• Create time for intentional, human interaction, not just student/teacher interaction. 
  • Model eye contact, warmth, and the importance of greeting one another meaningfully and authentically.
  • Take a quick temperature check to gain insight into each student's emotional state as they enter your classroom daily.

Leverage Reach & Respond methods as a daily routine to welcome and assess each student as they launch into the school day.

5. Forget Free Time

Everyone (students and teachers) needs structure. Without structure, misbehavior happens. Leveraging "extra" time in the day with focused activities provides consistency. It allows you and your students to focus on growth and learning, even if it's learning about each other.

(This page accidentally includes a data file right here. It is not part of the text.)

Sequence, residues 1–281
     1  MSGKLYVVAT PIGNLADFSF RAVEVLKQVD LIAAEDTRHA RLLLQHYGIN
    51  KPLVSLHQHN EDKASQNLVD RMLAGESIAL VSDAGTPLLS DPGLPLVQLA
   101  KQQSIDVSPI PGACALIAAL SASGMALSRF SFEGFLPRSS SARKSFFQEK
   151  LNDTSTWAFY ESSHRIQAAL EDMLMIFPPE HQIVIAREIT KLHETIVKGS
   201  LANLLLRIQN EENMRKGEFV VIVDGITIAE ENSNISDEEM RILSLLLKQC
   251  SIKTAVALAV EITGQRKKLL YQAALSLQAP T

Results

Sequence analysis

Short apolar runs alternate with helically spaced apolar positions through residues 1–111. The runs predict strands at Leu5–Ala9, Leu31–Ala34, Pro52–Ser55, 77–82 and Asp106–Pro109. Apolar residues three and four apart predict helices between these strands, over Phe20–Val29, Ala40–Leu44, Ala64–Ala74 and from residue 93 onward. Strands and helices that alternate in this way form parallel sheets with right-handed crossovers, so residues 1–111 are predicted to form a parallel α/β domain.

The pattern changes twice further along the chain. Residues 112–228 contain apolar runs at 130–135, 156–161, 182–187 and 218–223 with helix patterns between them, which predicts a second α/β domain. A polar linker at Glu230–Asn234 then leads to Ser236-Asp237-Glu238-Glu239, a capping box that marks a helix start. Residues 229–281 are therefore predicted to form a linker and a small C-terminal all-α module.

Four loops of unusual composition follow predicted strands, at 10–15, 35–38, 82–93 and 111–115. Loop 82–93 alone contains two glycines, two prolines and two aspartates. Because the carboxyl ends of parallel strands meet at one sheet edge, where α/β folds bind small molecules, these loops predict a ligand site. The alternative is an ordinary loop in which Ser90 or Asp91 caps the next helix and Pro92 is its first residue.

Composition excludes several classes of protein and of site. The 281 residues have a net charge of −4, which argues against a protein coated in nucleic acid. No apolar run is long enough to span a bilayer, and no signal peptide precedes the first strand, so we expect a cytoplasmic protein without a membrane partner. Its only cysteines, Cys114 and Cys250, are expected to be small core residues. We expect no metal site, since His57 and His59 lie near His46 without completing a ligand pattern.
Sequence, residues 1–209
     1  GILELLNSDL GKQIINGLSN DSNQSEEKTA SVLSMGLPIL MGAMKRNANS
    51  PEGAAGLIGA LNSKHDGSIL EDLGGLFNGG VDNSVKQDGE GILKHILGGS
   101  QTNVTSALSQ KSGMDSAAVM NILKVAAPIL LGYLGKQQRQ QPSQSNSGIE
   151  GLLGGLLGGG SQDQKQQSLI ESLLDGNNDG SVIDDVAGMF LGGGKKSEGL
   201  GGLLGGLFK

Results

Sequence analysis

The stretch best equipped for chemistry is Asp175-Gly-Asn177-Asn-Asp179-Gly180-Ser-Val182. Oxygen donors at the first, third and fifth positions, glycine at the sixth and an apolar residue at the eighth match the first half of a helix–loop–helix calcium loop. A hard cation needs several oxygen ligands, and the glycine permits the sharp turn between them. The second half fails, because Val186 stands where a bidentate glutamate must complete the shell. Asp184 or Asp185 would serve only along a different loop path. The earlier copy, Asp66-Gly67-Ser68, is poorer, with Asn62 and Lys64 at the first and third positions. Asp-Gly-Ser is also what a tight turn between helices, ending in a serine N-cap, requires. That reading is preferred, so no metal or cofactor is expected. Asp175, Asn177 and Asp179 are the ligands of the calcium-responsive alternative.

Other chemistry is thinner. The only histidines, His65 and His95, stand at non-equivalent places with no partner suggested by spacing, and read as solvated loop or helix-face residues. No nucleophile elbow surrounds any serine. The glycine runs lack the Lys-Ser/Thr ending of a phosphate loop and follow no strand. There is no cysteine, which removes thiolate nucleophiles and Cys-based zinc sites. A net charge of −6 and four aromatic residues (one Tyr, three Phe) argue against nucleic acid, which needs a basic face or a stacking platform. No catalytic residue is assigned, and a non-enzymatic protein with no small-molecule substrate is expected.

Create a Toolbox for structured free time in lieu of unstructured free time to include:

  • Relationship building activities
  • Sharing circles
  • Inspirational YouTube videos

6. Understand Motivation is Largely an Internal Process

Motivation comes from within a person. Teachers don't motivate. They do inspire, cultivate curiosity, and build meaningful relationships that help students explore content in a mentally and emotionally safe environment. Stop trying to find the right motivation for each student and honor that it is up to his/her internal processes. However, never stop inspiring, developing quality lessons, listening, adapting, trying new things, getting to know your students as people, and making family connections. Flip your focus from motivation, which you do not entirely control, to the things that you do.

7. The Power of "Yet"